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Dave Barry Hits Below the Beltway: A Vicious and Unprovoked Attack on Our Most Cherished Political Institutions Paperback – October 29, 2002


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Dave Barry Hits Below the Beltway: A Vicious and Unprovoked Attack on Our Most Cherished Political Institutions + Dave Barry Turns 50 + Dave Barry Slept Here: A Sort of History of the United States
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Product Details

  • Paperback: 180 pages
  • Publisher: Ballantine Books; Reprint edition (October 29, 2002)
  • Language: English
  • ISBN-10: 0345432487
  • ISBN-13: 978-0345432483
  • Product Dimensions: 8.3 x 5.5 x 0.8 inches
  • Shipping Weight: 5.6 ounces (View shipping rates and policies)
  • Average Customer Review: 4.2 out of 5 stars  See all reviews (32 customer reviews)
  • Amazon Best Sellers Rank: #582,218 in Books (See Top 100 in Books)

Editorial Reviews

From Publishers Weekly

Sporting red trunks, white and blue boxing gloves and an American flag towel on the cover, pugilistic Pulitzer-winner Barry (Dave Barry Turns 50, etc.) appears ready for all contenders in this satirical, hard-hitting political commentary ("Whatever the needs of the public are, the government responds to those needs by getting larger"). Beginning with a study of "Early Human Governments" when homo sapiens "were short, hairy, tree-dwelling creatures that strongly resembled Danny DeVito," the sardonic Miami Herald columnist breezes through the centuries to the U.S.'s birth and then to the present, amending the Constitution en route: "If a citizen is arrested, and that citizen hides his or her face from the news media, then as far as the Constitution is concerned, that citizen is guilty." He tours D.C. sites like the Mall, the Smithsonian (which "will pay you top dollar for your Beanie Babies, Cabbage Patch dolls, Pokemon cards, refrigerator magnets, ceramic cats") and the White House ("To take a tour, simply climb over the fence and hold very still until men come sprinting to assist you"). He aims jaundiced japery at presidential "language problems" and elections ("One of these years we're going to elect a president whose first official act will be to launch nuclear strikes against Iowa and New Hampshire"). Once again, the winner is... Dave Barry. 22 illus. and charts not seen by PW. Agent, Fox Chase Agency. (On sale Oct. 2)Forecast: Syndicated in hundreds of newspapers, Barry continues to widen his readership. A nine-city author tour will help launch this onto bestseller lists.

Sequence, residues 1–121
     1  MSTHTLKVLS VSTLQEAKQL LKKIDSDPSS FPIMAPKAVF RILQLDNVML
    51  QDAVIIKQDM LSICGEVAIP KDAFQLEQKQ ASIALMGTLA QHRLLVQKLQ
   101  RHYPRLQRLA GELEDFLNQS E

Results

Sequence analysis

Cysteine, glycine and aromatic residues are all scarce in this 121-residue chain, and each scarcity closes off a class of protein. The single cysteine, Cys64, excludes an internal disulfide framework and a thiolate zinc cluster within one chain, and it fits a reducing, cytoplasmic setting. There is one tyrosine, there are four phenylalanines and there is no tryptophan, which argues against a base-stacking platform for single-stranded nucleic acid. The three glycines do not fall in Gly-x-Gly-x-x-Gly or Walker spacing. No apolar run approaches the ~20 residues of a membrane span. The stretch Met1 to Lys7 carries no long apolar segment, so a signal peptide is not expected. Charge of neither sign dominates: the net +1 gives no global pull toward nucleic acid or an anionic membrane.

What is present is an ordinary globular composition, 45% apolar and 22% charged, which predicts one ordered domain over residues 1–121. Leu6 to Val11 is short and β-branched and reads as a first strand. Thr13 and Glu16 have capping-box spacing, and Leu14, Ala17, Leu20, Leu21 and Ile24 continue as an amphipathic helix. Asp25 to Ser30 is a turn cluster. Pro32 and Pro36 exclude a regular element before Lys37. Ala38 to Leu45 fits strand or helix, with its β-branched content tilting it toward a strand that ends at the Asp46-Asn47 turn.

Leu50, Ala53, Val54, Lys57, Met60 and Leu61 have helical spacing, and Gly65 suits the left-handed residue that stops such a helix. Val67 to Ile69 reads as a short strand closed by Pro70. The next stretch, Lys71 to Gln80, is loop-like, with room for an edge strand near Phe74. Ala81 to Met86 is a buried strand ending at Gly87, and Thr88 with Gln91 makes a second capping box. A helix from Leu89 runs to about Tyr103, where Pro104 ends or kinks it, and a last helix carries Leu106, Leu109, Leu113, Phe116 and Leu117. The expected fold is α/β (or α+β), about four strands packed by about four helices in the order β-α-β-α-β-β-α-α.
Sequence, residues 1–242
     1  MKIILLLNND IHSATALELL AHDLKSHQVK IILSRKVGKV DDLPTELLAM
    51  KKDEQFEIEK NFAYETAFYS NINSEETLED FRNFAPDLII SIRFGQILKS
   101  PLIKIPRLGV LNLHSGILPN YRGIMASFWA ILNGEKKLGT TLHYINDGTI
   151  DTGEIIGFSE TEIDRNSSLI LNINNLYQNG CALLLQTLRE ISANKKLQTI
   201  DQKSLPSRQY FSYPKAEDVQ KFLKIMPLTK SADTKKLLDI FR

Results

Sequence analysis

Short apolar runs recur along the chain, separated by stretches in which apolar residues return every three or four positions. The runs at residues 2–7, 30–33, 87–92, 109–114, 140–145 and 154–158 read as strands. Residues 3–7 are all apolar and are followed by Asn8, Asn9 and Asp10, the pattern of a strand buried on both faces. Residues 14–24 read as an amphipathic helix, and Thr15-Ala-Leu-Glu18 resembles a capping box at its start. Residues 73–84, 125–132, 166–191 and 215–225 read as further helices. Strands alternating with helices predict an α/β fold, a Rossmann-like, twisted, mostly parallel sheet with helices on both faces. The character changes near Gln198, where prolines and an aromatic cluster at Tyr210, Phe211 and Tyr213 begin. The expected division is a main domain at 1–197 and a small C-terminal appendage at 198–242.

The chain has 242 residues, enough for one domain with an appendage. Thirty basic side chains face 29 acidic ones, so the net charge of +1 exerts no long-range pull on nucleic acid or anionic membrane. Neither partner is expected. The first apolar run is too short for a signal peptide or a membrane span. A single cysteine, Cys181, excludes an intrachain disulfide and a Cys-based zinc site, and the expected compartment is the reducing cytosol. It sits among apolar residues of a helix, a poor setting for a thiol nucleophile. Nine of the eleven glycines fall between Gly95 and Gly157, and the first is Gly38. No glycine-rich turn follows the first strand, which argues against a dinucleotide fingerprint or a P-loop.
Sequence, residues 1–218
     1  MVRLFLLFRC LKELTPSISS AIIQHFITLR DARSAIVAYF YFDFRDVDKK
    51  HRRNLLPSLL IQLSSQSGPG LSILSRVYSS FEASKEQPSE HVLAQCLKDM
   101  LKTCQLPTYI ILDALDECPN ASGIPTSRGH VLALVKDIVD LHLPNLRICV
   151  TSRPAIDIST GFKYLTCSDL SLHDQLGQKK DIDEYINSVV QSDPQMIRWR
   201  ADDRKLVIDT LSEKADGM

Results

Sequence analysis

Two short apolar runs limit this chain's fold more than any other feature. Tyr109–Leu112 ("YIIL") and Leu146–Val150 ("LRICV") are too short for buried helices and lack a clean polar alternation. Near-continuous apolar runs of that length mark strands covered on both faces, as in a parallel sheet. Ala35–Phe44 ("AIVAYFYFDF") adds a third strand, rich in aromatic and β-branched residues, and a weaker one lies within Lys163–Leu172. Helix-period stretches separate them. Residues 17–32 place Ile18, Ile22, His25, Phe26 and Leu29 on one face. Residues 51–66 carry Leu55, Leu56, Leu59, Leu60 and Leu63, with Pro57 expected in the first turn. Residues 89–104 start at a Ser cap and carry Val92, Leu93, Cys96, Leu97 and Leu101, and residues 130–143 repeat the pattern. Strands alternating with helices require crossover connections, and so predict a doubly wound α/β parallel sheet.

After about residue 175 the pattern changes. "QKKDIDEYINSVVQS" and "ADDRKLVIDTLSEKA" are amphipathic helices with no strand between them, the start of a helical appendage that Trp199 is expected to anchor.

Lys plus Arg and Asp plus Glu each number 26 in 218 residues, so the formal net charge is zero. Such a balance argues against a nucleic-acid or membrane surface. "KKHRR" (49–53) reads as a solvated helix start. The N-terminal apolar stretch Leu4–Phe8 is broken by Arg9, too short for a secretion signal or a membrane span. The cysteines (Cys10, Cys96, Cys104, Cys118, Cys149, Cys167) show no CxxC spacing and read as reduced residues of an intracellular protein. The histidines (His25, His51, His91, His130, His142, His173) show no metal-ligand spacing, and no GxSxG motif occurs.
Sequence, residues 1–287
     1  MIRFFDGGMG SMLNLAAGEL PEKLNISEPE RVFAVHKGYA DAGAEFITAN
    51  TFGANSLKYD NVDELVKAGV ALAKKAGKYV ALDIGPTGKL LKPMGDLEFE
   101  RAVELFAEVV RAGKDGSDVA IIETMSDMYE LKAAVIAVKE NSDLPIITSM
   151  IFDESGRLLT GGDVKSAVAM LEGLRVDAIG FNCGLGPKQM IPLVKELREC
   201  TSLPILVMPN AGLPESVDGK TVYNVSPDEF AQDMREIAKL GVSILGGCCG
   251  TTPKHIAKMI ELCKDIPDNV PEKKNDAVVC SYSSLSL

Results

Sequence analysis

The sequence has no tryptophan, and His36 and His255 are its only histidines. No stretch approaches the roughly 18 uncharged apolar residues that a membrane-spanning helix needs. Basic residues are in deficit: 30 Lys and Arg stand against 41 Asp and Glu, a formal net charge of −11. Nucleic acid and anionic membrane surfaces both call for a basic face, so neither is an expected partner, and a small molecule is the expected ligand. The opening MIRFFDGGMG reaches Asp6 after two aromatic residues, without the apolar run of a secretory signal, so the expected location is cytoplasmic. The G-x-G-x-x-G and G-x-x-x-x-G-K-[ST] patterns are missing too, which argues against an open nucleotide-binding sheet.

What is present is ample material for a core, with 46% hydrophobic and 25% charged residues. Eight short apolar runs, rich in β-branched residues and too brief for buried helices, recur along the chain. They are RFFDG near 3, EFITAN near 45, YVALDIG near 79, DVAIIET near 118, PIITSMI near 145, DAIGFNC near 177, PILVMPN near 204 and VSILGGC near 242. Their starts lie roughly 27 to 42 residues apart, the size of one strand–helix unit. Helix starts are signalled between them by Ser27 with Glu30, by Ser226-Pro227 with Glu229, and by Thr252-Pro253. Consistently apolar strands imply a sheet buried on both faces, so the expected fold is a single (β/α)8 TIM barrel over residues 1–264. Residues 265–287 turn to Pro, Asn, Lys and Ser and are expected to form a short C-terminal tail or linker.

Copyright 2001 Cahners Business Information, Inc.

--This text refers to an out of print or unavailable edition of this title.

From School Library Journal

Adult/High School-Once again Barry meets the challenge of finding humor in United States politics, beginning with a history of how things seemed to have evolved. His perspective is different from the traditional textbook approach to government, history, and perhaps everything else. He good-naturedly pokes fun at great American documents including the Mayflower Compact and the Constitution and provides a unique view of famous events from our past, such as the Boston Tea Party, where he insists that a giant zucchini had an influence on the resultant events. He spends some time pointing out problems in the government, federal spending, and the legislative branch, but he really hits his stride once he starts retelling Florida's role in the last presidential election. For Barry's fans, this will be another book to enjoy and for those who haven't encountered him before, this is a good place to start.

Pam Johnson, Fairfax County Public Library, VA

Copyright 2002 Cahners Business Information, Inc.

--This text refers to an out of print or unavailable edition of this title.

More About the Author